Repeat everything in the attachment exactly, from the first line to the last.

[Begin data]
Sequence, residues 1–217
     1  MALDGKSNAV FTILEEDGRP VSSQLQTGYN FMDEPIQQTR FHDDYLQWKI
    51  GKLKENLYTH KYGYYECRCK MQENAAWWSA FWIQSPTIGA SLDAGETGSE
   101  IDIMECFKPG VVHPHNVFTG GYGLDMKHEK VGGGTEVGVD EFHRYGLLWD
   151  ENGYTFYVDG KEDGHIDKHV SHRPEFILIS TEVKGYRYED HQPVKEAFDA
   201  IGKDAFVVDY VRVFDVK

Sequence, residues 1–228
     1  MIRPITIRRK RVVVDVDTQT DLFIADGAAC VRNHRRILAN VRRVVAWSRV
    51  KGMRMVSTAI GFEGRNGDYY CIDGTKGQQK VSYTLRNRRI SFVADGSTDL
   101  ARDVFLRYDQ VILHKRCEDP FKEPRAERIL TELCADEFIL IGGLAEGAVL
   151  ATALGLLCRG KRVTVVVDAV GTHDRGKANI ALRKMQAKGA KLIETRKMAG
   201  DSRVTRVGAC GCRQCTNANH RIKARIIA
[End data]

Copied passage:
Sequence, residues 1–217
     1  MALDGKSNAV FTILEEDGRP VSSQLQTGYN FMDEPIQQTR FHDDYLQWKI
    51  GKLKENLYTH KYGYYECRCK MQENAAWWSA FWIQSPTIGA SLDAGETGSE
   101  IDIMECFKPG VVHPHNVFTG GYGLDMKHEK VGGGTEVGVD EFHRYGLLWD
   151  ENGYTFYVDG KEDGHIDKHV SHRPEFILIS TEVKGYRYED HQPVKEAFDA
   201  IGKDAFVVDY VRVFDVK

Sequence, residues 1–228
     1  MIRPITIRRK RVVVDVDTQT DLFIADGAAC VRNHRRILAN VRRVVAWSRV
    51  KGMRMVSTAI GFEGRNGDYY CIDGTKGQQK VSYTLRNRRI SFVADGSTDL
   101  ARDVFLRYDQ VILHKRCEDP FKEPRAERIL TELCADEFIL IGGLAEGAVL
   151  ATALGLLCRG KRVTVVVDAV GTHDRGKANI ALRKMQAKGA KLIETRKMAG
   201  DSRVTRVGAC GCRQCTNANH RIKARIIA